What do any of these tell us about the company?  Frankly, not very much.  And why is Intel going away from “Intel Inside” to “Leap Ahead.”?  If “Melts in your mouth, not in your hands” was good enough for the makers of M&M’s for over 50 years, why not “Intel Inside”?  A classic message need not be changed for the sake of change.

While we’re at it, please tell me about slogans you find memorable or abominable.  E-mail me at messages@basex.com.  In the meantime, I’ll leave you with one that requires some more thought: “Nothing sucks like an Electrolux.”

Jonathan B. Spira is CEO and Chief Analyst at Basex.

Getting the Message Across

Friday, October 5th, 2007 by Jonathan Spira

Once in a great while – and it’s rare – companies come up with great messages and slogans.

These messages and slogans share one or more characteristics, but generally they change how we think about a particular product or company and they are memorable.  Volkswagen’s “Think Small” (Doyle Dane Bernbach, 1959) and Avis’ “We Try Harder” (DDB again, 1963), numbers one and ten on the list respectively, are among Advertising Age’s top 100 campaigns.  Equally memorable and at the same time category-creating are McDonald’s “You deserve a break today” (Needham, Harper & Steers, 1971) and DeBeers’ “A diamond is forever” (N.W. Ayer & Son, 1948), numbers five and six on the list.

Good messages endure.  Who doesn’t know M&Ms’ “Melts in your mouth, not in your hands” (Ted Bates & Co., 1954) or AT&T’s “Reach out and touch someone” (N.W. Ayer, 1979) or, from  Motel 6, “We’ll leave a light on for you” (Richards Group, 1988), numbers 39, 80, and 91 on the list.  And let’s not forget number 30, Campbell Soup’s “Mmm mm good” (BBDO, 1930s).

I have a few personal favorites on the list:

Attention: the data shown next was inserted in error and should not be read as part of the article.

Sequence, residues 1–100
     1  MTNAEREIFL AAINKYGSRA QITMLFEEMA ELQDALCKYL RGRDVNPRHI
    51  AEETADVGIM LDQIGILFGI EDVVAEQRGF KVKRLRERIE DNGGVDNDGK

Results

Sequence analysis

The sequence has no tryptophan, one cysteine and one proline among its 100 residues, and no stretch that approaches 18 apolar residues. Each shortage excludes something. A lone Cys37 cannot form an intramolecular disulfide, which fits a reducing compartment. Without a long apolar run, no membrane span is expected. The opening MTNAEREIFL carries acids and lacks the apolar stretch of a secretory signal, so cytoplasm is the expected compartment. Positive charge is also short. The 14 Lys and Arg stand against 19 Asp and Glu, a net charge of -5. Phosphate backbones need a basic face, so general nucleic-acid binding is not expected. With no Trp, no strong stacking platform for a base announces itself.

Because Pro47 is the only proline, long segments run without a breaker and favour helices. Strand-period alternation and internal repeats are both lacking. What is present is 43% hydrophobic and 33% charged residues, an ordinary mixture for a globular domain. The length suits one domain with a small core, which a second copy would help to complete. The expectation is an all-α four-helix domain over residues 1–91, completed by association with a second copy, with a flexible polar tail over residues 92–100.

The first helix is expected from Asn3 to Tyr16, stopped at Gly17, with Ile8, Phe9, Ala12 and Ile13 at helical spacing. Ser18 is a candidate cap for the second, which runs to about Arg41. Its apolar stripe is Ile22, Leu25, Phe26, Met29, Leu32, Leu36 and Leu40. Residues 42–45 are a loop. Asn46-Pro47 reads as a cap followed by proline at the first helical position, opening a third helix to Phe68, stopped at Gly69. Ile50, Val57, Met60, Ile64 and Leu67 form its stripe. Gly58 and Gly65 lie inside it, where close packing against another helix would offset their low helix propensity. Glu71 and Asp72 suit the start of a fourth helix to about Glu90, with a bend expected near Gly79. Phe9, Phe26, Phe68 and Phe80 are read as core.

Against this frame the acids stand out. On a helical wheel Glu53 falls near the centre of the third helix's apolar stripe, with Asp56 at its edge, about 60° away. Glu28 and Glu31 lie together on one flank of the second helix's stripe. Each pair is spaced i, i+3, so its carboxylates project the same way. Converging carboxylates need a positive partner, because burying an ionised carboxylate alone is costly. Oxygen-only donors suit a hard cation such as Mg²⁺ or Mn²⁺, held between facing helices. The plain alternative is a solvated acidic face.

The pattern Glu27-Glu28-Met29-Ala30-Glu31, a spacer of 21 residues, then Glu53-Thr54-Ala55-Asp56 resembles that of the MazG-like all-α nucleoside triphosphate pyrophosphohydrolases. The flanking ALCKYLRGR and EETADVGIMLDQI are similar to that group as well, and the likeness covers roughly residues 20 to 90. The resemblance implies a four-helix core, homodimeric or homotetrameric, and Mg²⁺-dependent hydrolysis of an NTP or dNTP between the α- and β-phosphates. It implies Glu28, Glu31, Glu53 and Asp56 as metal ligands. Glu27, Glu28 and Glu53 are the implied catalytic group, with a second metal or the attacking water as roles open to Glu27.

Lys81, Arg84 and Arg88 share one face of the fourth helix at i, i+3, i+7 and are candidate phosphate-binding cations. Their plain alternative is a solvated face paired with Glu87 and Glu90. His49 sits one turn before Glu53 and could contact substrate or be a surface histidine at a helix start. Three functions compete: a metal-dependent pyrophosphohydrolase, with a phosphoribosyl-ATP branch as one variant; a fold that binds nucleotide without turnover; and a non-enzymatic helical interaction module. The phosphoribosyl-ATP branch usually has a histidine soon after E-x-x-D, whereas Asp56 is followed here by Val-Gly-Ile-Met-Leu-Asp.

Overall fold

12.)    Apple Computer, “1984″, Chiat/Day, 1984 (coming at a critical juncture for Apple, few commercials have ever been more influential).
49.)    Cadillac, “The penalty of leadership”, MacManus, John & Adams, 1915.  (An advert that ran only once and didn’t even mention automobiles or even the brand being advertised.  Rather, it expressed the dilemma of the pioneer who breaks with tradition and is subject to the “fierce denial and detraction” of his competition.)
51.)    Charmin, “Please don’t squeeze the Charmin”, Benton & Bowles, 1964 (does anyone not think of Mr. Whipple when entering a supermarket?)
84.)    BMW, “The ultimate driving machine”, Ammirati & Puris, 1975 (40 years ago, BMW invented the concept of the sports sedan).
87.)    Xerox, “It’s a miracle”, Needham, Harper & Steers, 1975 (who can forget the monks in the monastery?)
93.)    IBM, Chaplin’s Little Tramp character, Lord, Geller, Federico, Einstein, 1982.

…as well as a few that aren’t (yet) on the list:

  • “Can you hear me now?” Verizon Wireless
  • “Let your fingers do the walking” – Yellow Pages (Geers Gross, 1964)
  • “We’re the dot in .com” Sun Microsystems

Why did these work where hundreds of thousands of slogans and campaigns failed miserably?  The true test for a message is two-fold:
1.) whether the company actually messages out what it intended to say, and
2.) whether the recipient actually understands it as the company intended

This is, as evidenced by the information highway, which is littered with failed messages, much more difficult than it would appear.

Next week we’ll look at the IT industry and why, by and large, the message just isn’t getting through.

Jonathan B. Spira is CEO and Chief Analyst at Basex.